Women and super

Simple steps to help sort your super

Women and super

Did you know that almost 80 per cent of women are currently retiring with insufficient superannuation savings to fund a comfortable lifestyle? In fact, the average superannuation account balance for women when they retire is around $85,000 less than the average for men. There are a number of reasons why this is the case. For example, many women take time out of the workforce to have children or care for family members, and they are also more likely to be in part-time or low-paid employment. Women also are less likely on average to receive the benefit of contributions above the compulsory SG rate. No matter what the reason is, there’s no doubt women have a much bigger task when it comes to saving for their retirement. This is why it’s important all women take simple steps to help boost their super savings.

The Government has announced that for births and adoptions on or after 1 July 2025, eligible parents will receive an additional payment on top of any Commonwealth Government-paid parental leave. This payment will be based on the Superannuation Guarantee (mandatory super) rate that will apply at that time – 12% of the PPL payment. The Government will pay this amount as a contribution directly to an eligible parent’s super fund. This announcement is not yet law.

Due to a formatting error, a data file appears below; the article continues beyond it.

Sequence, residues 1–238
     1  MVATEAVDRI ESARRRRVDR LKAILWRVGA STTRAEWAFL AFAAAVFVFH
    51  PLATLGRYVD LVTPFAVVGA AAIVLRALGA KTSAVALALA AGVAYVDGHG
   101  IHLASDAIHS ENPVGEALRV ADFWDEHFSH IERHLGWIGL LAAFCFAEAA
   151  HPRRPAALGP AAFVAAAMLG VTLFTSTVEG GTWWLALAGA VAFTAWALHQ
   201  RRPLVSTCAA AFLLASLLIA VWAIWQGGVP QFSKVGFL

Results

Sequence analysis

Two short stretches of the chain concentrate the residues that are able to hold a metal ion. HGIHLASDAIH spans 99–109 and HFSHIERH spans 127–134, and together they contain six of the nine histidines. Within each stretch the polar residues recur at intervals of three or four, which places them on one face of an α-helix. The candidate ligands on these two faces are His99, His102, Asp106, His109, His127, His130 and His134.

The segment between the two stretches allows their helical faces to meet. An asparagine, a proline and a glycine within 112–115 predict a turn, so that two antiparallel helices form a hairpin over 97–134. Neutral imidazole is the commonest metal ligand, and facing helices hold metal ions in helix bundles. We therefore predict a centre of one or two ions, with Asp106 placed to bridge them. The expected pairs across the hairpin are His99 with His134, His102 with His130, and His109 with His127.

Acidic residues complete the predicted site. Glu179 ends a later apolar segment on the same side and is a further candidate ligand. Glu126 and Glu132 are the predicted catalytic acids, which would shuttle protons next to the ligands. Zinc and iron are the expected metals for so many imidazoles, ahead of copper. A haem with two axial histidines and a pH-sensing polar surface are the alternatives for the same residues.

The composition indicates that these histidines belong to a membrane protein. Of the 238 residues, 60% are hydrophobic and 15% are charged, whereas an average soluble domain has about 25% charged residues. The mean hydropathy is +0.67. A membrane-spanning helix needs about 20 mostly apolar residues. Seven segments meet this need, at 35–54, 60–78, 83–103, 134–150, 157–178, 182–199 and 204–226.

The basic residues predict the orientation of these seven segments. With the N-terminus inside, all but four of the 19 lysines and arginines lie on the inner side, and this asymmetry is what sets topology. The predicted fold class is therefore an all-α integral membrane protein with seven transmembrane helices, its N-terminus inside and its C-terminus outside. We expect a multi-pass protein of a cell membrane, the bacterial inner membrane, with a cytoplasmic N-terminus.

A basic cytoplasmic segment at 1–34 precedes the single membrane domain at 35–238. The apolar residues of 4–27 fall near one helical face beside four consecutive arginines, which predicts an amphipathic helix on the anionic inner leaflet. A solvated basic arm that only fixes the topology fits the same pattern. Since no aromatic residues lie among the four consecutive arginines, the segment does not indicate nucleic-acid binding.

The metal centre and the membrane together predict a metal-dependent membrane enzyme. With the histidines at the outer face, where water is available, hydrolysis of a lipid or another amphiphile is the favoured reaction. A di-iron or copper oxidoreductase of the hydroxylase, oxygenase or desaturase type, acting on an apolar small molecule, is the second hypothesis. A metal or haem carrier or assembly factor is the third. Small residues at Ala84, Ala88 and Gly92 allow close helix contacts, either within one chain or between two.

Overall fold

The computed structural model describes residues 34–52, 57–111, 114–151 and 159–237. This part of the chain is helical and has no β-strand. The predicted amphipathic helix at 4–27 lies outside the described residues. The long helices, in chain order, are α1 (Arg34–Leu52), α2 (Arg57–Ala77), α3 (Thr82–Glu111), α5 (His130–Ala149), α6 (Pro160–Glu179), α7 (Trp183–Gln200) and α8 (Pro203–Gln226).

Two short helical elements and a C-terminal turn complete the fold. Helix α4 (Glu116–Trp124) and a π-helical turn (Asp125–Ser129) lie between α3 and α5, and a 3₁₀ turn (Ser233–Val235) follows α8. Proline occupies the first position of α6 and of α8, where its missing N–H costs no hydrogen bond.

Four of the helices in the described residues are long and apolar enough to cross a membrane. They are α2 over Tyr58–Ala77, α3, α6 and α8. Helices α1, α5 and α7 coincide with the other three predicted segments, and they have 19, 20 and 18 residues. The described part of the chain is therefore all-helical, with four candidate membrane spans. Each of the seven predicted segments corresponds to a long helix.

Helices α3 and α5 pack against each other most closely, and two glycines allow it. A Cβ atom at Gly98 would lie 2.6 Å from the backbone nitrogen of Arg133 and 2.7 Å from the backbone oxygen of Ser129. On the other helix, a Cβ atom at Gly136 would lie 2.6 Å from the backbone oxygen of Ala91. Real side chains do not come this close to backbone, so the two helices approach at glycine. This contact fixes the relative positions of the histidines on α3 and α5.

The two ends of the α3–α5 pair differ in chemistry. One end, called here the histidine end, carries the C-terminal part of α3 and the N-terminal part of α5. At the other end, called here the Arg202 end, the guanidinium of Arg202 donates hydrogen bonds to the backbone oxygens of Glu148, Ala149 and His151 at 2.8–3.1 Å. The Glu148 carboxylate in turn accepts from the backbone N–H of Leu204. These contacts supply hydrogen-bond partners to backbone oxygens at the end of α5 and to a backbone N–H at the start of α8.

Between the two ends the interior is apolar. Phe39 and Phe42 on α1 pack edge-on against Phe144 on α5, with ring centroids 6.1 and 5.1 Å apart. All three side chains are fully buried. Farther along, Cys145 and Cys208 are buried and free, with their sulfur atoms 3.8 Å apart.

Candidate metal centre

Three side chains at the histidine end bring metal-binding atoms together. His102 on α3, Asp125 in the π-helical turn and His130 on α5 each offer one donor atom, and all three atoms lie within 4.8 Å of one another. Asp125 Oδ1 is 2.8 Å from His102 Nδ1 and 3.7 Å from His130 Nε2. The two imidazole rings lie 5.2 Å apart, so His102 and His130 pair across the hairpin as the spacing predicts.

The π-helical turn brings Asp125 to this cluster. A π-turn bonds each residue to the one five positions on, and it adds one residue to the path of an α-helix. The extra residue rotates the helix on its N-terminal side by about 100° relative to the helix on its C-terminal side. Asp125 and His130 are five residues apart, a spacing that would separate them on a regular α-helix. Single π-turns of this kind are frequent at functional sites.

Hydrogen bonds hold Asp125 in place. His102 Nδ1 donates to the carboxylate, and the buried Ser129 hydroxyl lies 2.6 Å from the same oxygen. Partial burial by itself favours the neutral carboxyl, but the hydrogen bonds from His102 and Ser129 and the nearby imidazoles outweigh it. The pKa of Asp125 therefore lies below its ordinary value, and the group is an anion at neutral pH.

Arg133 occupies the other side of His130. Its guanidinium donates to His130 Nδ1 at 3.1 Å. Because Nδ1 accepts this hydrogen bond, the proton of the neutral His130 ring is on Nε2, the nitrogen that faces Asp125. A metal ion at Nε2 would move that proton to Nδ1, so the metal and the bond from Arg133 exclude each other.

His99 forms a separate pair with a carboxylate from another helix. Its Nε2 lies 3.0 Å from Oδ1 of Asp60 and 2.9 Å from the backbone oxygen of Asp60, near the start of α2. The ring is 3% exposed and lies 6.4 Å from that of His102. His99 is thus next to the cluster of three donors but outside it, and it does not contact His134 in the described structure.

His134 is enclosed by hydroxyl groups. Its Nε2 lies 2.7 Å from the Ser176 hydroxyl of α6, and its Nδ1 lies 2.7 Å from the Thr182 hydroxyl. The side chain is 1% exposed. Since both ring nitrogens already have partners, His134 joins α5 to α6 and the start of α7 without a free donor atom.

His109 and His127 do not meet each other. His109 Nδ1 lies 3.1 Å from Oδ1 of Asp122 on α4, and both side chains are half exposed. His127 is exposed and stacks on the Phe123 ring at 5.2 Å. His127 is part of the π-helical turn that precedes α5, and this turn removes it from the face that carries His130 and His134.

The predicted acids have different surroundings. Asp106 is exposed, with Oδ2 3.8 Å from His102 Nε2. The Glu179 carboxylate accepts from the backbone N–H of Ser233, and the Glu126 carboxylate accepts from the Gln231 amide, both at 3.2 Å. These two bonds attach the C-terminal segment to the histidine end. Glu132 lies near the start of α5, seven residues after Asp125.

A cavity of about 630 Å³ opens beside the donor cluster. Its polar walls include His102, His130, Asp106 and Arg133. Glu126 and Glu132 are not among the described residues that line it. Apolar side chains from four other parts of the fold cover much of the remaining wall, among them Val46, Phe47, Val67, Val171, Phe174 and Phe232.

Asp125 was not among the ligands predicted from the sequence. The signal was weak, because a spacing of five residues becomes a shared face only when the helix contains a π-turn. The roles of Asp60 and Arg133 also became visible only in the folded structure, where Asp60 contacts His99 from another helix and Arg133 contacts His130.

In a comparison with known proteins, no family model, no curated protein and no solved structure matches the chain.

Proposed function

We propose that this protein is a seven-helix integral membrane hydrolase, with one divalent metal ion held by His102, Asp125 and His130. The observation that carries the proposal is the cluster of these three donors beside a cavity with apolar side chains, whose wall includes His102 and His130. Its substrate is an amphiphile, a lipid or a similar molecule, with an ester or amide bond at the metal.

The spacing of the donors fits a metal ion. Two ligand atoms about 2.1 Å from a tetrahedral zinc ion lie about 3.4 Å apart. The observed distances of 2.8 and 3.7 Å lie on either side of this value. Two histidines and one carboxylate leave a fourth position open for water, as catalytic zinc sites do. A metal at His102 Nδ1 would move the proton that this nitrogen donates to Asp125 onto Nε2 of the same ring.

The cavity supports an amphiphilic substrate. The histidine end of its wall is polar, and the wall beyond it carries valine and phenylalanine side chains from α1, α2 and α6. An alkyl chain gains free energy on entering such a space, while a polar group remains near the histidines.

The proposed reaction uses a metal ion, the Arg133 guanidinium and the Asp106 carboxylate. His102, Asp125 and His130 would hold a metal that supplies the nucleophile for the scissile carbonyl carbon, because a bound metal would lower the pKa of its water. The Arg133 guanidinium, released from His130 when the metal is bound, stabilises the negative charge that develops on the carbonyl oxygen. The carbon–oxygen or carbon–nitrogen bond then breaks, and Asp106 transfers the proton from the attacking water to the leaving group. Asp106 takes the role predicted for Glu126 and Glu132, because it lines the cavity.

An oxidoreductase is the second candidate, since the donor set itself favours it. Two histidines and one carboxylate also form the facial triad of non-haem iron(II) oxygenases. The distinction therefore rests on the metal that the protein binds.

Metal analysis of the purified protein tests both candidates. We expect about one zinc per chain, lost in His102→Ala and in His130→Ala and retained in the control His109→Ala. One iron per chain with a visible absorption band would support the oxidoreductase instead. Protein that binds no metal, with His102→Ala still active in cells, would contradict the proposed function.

Gender gap facts

Super Sorter Power Hour

Taking sixty minutes today to sort to your super could add thousands to your retirement savings.

Here are three simple steps you can take:

  1. Check your super savings
    Get to know your super better by checking your balance regularly, as well as the insurance and investment options you have to make sure they are the best fit for your circumstances.
  2. Simplify your super by rolling all your super accounts into one
    Consolidating your accounts and/or tracking down your lost or unclaimed super could save you thousands of dollars in unnecessary super fund administration fees, which over time can make a massive difference to your retirement savings.
  3. Plan to save more
    Even small additional contributions to your super over time can help boost your retirement savings by thousands of dollars. These extra contributions can help you catch up on the savings time you missed, for example when you take time out to have a baby.

Did you know one in five women do not know how to consolidate their superannuation accounts?
See our Consolidating your super page to find out how simple it can be.